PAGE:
I had planned to discuss the Referendum results in this issue, but the voting deadline was advanced for a week and moreover, ballot-counting proved more cumbersome than expected. Anyway, now the polls are closed and the elves of Elections BC are busy feverishly counting we are told, to beat Santa by bringing us the gift of Democratization, I hope.
I will keep my undertaking to discuss the Electoral System Referendum, but till it comes out I will keep quiet, true to my mum’s teaching me to not be a “propetes”. This word characterizes a person who tends to answer a question, or comment on a statement, before hearing the whole question or statement. It is a lovely word, or at least so I think but I am partial to it – I get a jolt of guilt every time I fail it which, I regret to say, happens not rarely. By the way, “predicate” is the closest to it that I have found in lexicons but my daughter is trying to prompt lexicographers to promote “propetes”, for the world needs this word.
On my first stay in my wife’s native village, Minchinhampton, in the Cotswolds, on Sunday morning I went to buy the Times. When I arrived at the candy and news store, in the village square, there was a substantial lineup of genuine Brit Gentlemen, accordingly attired, which surprised me for I had never seen children lining up to buy candy in such numbers. A gentleman at the queue informed me that they were awaiting the arrival of the newspapers from London; but if I was after candy, I could bypass the lineup and make my purchase, said he. I thought of turning tail, but stayed for the “news”. At present I feel like I am in a wide queue for referendum news.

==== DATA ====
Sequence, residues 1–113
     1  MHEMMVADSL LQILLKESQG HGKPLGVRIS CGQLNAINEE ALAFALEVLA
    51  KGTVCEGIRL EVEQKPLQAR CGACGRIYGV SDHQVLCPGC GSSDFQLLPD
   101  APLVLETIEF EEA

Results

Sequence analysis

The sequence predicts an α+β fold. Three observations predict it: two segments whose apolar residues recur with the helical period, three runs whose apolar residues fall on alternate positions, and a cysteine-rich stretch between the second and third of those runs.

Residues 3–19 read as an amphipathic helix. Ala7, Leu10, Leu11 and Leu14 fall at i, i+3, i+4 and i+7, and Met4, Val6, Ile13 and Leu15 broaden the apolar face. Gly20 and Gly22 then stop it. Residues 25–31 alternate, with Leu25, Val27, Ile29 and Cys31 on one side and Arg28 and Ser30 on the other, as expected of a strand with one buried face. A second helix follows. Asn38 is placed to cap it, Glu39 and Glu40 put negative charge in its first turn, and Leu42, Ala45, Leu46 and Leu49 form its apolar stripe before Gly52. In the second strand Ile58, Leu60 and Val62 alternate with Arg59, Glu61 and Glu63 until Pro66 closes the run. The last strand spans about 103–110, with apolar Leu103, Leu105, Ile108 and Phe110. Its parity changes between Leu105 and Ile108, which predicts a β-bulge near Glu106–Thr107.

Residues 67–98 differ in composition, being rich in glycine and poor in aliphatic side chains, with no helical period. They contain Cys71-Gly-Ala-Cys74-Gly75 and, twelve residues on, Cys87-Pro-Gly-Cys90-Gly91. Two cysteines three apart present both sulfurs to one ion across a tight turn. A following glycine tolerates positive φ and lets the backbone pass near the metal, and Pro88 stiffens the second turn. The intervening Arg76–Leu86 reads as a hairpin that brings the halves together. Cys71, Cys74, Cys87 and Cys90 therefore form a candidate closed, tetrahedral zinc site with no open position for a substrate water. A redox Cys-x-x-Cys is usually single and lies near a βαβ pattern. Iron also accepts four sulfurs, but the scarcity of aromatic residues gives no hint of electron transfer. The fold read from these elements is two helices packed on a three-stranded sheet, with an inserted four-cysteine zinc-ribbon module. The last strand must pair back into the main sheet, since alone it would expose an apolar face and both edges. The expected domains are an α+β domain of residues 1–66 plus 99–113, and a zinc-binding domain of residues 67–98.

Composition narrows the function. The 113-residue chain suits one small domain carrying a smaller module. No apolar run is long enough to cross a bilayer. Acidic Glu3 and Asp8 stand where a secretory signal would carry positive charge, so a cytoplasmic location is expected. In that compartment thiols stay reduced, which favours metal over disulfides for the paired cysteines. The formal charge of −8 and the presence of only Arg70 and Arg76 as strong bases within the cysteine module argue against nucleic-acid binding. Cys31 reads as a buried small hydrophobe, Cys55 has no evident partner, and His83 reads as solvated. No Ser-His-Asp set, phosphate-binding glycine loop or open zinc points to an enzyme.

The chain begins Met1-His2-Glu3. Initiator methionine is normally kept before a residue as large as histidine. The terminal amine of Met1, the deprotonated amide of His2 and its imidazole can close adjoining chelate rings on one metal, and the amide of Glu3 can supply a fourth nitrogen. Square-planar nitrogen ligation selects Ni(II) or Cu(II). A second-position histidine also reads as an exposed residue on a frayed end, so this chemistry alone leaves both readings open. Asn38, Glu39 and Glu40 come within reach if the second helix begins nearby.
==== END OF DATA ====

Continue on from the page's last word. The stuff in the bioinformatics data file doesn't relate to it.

Being in the lineup is conducive to thinking and this I do while awaiting the Referendum news – somehow I can’t get rid of the Plecas and his victims mind-worm. But, if I ever had any concerns about being a “propetes” in commenting on Mr. Plecas’ play, I no longer have such. He came back on December 6 and erased faint doubts in naive minds about him being wrong. Unmindful of the 1st Law of Holes, “when you’re in a hole, stop digging”, the Hon. Mr. Plecas continued revealing his mindset by hurling epithets at the Clerk and at the Seargeant at Arms of the Legislature, whom he had paraded on the sidewalk outside the Legislature, being evicted. So hideous were their “crimes” Plecas said, that he took it upon himself to trample the Charter of Rights and play Judge, Jury and executioner, so as to postpone us “throwing up” (his word) until after the holiday season. Plecas appears expecting us, the populace, to thank him for having sheltered us from vomiting, it being unsightly to company and unpleasant to the perpetrator.
Back to the Referendum. From what we know so far, the race between “elected despotism” and democratization of the system is too close to call. This, if it happens and to the extent it may, would be because change is hard to come by in a society which has been frequently “burned” by Change. Better the Devil you know, many of us prefer, and this is arguably sound when the need for change may as easily be exploited by those who are affected adversely, and be tamed to serve their interests. We endure relics in our midst because we fear the worst washed upon us by the change storm. Abuse of abuse of technology, such as cybercrime pandemic, drives many of us to ponder whether we would not have been better without the blessings modern technology has brought us in recent times. The fear of change phenomenon is a black blotch on the wide social canvas, ardently in need of exposure. I will do a bit of that when we have the Referendum results – cross my heart.